In previous Issues we have presented The Life of Mary in the Gospels, a series of lectures given by Fr. James Spencer Northcote. In this Issue we begin a new series, condensed from a book written by Fr. Northcote prior to 1868 on various famous Sanctuaries of Our Lady. In his usual apologetic style, the presence of which he downplays in the following Introduction, Fr. Northcote succeeds in defending the honor of Our Blessed Mother and the truth of the Catholic Faith against the wily criticism of many Protestants.
Early in the fifth century—probably A.D. 404—the congregation of the faithful in a town on the coast of Africa were much disturbed by the rumor of a scandal in the episcopal palace. The details of the story were imperfectly known, and of course variously told; but the distress of the little flock was so great that at last the Bishop published a Pastoral Letter on the subject. In this Pastoral he lamented that there should be any necessity for an episcopal exhortation on occasions like the present; he urged that the distinct prophecies of our Blessed Lord ought to have prepared men's minds for such exhibitions of human weakness and malice; nevertheless, he confessed that they were trials dangerous to the weak, painful to all, and that therefore he would gladly have spared his flock the knowledge of what had happened, if this had been possible. Now, however, that false reports were afloat, it was better that they should know the facts, which were briefly these:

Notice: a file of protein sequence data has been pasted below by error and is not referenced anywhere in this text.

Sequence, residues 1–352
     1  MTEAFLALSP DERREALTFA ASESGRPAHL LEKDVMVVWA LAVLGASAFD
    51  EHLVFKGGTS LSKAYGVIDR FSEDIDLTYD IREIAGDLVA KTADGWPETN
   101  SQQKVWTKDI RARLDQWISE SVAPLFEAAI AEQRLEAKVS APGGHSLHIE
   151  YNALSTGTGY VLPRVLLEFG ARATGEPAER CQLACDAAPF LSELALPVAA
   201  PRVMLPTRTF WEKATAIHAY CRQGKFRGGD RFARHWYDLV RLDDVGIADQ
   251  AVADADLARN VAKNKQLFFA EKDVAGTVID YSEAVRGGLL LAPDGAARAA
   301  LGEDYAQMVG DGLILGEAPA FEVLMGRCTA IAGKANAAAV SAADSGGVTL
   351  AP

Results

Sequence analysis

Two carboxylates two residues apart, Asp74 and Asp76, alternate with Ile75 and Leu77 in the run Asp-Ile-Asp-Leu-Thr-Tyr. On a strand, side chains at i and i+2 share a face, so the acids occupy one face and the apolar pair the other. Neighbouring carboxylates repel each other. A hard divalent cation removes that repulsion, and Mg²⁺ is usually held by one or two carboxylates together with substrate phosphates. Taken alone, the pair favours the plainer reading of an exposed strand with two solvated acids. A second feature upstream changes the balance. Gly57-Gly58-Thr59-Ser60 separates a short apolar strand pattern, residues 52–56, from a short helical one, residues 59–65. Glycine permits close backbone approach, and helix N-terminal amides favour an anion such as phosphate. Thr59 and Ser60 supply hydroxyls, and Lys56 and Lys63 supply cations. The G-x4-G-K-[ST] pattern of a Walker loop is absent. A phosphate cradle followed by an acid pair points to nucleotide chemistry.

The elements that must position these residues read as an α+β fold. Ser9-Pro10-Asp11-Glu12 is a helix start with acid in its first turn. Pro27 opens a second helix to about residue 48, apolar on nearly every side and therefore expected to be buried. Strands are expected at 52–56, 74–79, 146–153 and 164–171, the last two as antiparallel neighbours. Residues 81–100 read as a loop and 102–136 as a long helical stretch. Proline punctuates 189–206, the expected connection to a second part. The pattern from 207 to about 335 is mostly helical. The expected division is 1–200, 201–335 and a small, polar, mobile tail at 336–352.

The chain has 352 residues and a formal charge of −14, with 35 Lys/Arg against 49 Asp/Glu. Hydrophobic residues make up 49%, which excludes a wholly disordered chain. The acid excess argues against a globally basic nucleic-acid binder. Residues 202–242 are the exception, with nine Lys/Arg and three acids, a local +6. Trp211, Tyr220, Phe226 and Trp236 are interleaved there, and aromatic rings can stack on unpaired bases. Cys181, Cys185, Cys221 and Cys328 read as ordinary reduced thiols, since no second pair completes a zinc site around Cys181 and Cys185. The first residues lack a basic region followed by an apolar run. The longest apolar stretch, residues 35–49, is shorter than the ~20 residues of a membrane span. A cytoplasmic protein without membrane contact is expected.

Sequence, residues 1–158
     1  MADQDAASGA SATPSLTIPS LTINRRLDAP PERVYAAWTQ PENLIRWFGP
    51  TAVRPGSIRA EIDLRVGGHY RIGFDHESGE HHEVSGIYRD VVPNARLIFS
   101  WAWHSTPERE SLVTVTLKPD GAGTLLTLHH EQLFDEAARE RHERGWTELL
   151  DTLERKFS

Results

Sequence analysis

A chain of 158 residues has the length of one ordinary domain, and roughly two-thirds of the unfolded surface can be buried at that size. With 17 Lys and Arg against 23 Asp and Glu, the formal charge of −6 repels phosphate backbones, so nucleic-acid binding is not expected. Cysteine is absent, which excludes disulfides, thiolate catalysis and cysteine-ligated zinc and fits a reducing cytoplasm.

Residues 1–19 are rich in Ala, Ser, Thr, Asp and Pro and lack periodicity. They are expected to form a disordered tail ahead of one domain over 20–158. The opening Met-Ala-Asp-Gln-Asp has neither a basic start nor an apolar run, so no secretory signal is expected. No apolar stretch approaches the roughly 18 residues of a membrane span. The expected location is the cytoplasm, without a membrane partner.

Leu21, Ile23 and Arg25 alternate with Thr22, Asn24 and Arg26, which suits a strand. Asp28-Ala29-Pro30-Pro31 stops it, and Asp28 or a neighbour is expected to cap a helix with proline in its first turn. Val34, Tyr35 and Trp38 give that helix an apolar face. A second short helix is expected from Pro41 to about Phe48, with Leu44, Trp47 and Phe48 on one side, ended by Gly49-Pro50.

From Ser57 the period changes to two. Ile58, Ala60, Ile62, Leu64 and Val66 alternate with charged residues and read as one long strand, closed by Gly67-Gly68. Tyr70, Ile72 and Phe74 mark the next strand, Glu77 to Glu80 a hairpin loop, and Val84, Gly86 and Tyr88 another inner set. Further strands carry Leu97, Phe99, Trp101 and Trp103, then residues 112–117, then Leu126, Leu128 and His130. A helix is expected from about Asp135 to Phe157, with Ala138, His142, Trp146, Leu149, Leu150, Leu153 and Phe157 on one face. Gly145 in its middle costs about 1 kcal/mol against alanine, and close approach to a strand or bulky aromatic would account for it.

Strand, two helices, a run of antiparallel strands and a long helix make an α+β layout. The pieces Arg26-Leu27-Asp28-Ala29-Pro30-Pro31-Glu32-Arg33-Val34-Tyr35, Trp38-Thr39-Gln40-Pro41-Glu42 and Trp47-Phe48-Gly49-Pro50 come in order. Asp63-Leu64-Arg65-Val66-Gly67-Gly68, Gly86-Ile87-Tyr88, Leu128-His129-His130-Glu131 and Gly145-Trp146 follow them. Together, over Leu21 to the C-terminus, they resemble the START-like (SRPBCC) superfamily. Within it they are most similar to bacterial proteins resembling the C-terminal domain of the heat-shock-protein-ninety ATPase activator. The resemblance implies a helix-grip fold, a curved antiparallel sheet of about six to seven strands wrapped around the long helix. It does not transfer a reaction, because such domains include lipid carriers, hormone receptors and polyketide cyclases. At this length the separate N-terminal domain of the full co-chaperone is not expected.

A priest of his household, named Boniface, had brought a grave charge of immorality against another inmate of the house, who was not yet a priest, but desirous of becoming one. The charge was denied, and met by a counter-charge; nevertheless, the Bishop had a strong impression that it was true. But, being unable to prove it, he determined to take no further action until something should happen either to justify or to dispel his suspicions. The accused person, however, was not so patient; he was very urgent with the Bishop that he should ordain him, or, if he would not do it himself, that he would at least give him letters commendatory to some other diocese. The Bishop would not be persuaded to do either of these things. "Then let Boniface be suspended or deposed," was the rejoinder; "if the suspicion of evil which attaches to me is a legitimate impediment to my receiving Holy Orders, it ought with equal justice to hinder my accuser from exercising the functions of those Orders, seeing that the same charge is pending over him also."